China's rise and stepped-up involvement in Southeast Asia have prompted a blend of anticipation and unease among its smaller neighbors. The stunning growth of China has yanked up the region's economies, but its militarization of the South China Sea and dam building on the Mekong River has nations wary about Beijing's outsized ambitions. Southeast Asians long felt relatively secure, relying on the United States as a security hedge, but that confidence began to slip after the Trump administration launched a trade war with China and questioned the usefulness of traditional alliances. This compelling book provides a snapshot of ten countries in Southeast Asia by exploring their diverse experiences with China and how this impacts their perceptions of Beijing's actions and its long-term political, economic, military, and "soft power" goals in the region.
About the Author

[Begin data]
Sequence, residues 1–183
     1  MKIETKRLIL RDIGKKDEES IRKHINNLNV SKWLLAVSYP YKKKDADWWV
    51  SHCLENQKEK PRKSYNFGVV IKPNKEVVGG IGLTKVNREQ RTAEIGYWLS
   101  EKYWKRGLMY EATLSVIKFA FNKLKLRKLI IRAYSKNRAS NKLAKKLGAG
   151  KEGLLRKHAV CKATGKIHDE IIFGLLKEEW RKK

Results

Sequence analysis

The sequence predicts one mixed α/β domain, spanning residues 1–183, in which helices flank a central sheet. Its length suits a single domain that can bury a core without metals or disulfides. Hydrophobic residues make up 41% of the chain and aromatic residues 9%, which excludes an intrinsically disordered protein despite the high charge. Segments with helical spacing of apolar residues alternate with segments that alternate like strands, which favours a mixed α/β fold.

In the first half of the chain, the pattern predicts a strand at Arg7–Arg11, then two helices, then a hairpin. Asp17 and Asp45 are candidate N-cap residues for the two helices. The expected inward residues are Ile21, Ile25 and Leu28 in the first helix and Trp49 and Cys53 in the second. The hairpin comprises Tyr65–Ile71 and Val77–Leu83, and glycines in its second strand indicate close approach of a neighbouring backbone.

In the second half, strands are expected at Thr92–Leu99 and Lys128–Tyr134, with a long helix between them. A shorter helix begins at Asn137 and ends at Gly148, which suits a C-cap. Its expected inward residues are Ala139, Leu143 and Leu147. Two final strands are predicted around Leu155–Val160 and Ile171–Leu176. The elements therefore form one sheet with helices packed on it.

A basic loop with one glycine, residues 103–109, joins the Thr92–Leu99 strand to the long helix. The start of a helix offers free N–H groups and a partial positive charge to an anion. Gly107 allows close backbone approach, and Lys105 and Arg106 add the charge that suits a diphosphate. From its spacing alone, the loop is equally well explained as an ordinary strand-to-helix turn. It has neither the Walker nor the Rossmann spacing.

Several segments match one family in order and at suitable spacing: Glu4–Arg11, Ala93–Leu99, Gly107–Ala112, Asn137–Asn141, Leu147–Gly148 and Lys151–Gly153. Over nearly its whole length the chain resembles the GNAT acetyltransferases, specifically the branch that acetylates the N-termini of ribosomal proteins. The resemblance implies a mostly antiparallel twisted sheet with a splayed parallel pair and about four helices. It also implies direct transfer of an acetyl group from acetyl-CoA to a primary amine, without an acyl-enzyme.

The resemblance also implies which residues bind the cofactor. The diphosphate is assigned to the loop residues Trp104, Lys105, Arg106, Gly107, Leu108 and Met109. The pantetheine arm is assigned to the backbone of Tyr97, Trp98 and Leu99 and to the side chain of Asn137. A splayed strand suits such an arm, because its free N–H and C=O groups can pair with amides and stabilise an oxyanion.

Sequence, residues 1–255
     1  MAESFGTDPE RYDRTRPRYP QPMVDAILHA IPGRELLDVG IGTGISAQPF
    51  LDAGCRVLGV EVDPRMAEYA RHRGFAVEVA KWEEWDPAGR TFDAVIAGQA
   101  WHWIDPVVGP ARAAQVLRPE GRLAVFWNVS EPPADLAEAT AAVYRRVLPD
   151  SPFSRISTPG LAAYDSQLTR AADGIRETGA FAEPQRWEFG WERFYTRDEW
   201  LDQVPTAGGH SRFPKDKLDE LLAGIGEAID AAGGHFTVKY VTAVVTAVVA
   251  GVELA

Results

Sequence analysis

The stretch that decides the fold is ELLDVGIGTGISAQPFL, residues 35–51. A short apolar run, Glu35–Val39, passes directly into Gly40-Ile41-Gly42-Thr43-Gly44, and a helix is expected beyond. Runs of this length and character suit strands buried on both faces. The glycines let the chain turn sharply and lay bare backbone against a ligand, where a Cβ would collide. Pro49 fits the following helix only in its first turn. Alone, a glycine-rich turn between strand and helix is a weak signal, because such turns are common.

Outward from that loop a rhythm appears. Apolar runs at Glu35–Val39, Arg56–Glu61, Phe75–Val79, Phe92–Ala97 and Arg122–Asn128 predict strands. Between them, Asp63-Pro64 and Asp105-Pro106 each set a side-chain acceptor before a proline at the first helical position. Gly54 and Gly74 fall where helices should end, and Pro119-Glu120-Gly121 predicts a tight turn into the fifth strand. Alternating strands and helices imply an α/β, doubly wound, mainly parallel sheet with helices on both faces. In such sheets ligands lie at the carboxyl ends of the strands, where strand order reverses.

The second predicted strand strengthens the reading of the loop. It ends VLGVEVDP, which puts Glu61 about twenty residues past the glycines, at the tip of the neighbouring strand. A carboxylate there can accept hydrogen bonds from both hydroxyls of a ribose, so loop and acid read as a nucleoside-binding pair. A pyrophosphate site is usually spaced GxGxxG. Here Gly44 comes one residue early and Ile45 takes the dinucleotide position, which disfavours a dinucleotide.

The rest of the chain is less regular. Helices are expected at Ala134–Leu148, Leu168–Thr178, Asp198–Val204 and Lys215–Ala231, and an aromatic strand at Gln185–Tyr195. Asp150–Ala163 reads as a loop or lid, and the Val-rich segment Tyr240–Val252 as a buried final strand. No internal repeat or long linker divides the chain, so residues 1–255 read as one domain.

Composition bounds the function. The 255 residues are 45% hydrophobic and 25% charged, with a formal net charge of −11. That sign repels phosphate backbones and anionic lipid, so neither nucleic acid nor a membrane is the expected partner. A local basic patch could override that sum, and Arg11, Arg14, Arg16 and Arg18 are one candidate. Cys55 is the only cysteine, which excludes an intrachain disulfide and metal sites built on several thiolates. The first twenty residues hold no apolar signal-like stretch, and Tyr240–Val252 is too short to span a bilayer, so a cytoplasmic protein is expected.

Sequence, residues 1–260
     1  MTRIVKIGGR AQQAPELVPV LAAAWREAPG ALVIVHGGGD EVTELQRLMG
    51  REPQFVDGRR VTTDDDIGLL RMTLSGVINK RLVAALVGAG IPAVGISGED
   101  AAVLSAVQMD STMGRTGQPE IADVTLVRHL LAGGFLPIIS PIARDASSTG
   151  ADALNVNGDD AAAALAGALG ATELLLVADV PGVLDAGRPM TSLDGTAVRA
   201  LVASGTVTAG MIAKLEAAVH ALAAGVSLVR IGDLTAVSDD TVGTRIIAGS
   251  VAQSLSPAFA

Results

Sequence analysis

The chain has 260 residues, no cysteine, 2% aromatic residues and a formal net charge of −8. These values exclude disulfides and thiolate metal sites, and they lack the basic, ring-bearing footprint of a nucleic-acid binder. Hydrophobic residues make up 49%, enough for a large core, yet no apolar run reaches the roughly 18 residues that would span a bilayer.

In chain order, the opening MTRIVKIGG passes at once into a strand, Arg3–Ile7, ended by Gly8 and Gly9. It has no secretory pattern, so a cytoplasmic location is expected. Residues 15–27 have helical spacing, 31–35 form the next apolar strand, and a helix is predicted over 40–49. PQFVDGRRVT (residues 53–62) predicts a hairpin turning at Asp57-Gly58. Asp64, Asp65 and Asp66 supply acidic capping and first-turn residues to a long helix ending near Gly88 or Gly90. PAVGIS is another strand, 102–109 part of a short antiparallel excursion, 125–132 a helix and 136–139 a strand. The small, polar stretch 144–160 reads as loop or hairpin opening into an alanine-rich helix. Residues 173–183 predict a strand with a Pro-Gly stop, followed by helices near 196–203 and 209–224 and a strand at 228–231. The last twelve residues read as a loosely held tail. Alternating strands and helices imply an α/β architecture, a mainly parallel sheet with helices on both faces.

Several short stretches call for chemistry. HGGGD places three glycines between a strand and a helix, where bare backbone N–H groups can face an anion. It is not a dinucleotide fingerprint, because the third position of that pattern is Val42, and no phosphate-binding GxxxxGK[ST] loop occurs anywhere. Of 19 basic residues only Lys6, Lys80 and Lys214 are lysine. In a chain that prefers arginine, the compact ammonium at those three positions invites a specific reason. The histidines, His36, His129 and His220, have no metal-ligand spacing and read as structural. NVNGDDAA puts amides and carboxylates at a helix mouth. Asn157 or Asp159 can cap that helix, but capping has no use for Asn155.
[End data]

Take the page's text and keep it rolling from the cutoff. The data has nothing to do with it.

Murray Hiebert is a senior associate of the Southeast Asia Program at the Center for Strategic and International Studies (CSIS) in Washington, D.C. He earlier served as senior adviser and deputy director of the CSIS Southeast Asia Program. Prior to joining CSIS, Hiebert was senior director for Southeast Asia at the U.S. Chamber of Commerce. Earlier, he was a journalist in the China bureau of the Wall Street Journal. Prior to his posting to Beijing, he worked for the Wall Street Journal Asia and the Far Eastern Economic Review in Washington, reporting on U.S.-Asia relations. From 1995 to 1999, he was based in Kuala Lumpur for the Far Eastern Economic Review. In the early 1990s, he was based in Hanoi for the Review. He joined the Review's Bangkok bureau in 1986, covering developments in Vietnam, Cambodia, and Laos. Hiebert is the author of two books on Vietnam, Chasing the Tigers (Kodansha, 1996) and Vietnam Notebook (Review Publishing, 1993).